Art and Artie Barnes (one of whom had a highly public former life as Billy Mumy, child actor) are a sick pair of perverts you would not want to know personally. At your party, they would stage disgusting practical jokes; they would tell obscene lies to your parents just to get a laugh. Both Voobaha and Spazchow offer heavy doses of dark-hued novelty music that chews up modern culture and spits it back, producing an equal number of chuckles and shudders. The first features the underground hit “Fish Heads” plus “Boogie Woogie Amputee” and “Party in My Pants.” On Spazchow you get “Spooky Lady on Death Avenue,” “Swallow My Love” and a merciless dissection of (the group) America’s “I Need You.”
In what clearly was the only possible response, two members of America provided backing vocals on the pair’s next effort, Soak It Up, a relatively restrained five-song EP. (The earlier retrospective EP is a fish head-shaped picture disc.)
Amazing Adult Fantasy offers further proof that age is softening the Barnes boys. Not only does Steve Perry of Journey sing on the utterly presentable “Don’t You Wanna Go to the Moon,” but the pair makes a vain stab at commercial accessibility with “I Don’t Remember Tomorrow” and other wimpolinos. Sicks, however, returns them to the disgustatorium, with such garbage pail tunes as “Pizza Face,” “Pussy Whipped” and “Sit on My Lap and Call Me Daddy.”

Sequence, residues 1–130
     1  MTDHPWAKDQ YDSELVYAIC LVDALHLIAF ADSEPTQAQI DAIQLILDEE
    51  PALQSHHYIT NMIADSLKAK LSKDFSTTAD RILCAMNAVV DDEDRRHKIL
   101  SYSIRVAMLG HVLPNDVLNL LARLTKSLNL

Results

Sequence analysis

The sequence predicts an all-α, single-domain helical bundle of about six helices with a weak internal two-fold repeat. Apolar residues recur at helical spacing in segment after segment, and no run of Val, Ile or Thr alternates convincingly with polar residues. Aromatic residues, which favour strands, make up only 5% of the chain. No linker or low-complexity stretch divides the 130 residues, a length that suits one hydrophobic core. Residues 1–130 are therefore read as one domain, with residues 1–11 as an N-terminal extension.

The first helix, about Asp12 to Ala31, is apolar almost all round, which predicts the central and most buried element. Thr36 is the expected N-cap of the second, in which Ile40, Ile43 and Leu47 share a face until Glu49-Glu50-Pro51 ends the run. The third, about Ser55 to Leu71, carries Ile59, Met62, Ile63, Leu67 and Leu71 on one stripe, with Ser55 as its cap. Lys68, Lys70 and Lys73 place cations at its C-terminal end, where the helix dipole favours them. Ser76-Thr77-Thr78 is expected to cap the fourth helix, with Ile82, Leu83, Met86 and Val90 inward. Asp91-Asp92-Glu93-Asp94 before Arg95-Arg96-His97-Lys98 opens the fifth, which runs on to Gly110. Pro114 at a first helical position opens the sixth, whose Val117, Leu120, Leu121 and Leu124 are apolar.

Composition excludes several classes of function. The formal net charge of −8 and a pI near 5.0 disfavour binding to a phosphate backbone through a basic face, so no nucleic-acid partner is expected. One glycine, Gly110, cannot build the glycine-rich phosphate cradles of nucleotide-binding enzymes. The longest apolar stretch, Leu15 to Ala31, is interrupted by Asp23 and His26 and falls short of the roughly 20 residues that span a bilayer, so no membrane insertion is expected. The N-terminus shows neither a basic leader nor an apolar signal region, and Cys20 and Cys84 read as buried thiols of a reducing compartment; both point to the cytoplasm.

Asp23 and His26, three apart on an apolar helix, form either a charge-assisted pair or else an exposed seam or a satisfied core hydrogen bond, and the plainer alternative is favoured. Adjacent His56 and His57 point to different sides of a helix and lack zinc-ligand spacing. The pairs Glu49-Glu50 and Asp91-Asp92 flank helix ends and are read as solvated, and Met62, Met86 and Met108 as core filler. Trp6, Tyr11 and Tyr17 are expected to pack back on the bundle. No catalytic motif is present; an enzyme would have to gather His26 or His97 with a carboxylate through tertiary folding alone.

Reprising only two of the five songs comprising the appropriately shaped Fish Heads picture disc, Zabagabee contains many of the pair’s finest and most essential moments, including “Fish Heads,” “Party in My Pants,” “Boogie Woogie Amputee,” “Pizza Face” and a fine reading of “What’s New Pussycat?” produced by kindred weirdo Bob Casale. (The CD throws in five more.) Lovers of absurdist, sleazy humor should consider Barnes & Barnes highly recommended. All others should proceed with extreme caution.
For a truly bewildering experience, try listening to actor Crispin Glover’s (River’s Edge, Back to the Future, Charlie’s Angels) indescribable sideshow of an album. And try is the operative word: there’s no guaranteeing anyone’s ability to endure this entire program of cut-up found stories and neurotic songs. Barnes and Barnes provide the appropriately unsettled music for the album’s bizarre musical escapades, which include a multi-part homage to masturbation, Charlie Manson’s “Never Say ‘Never’ to Always” and a tearful version of “These Boots Are Made for Walking.”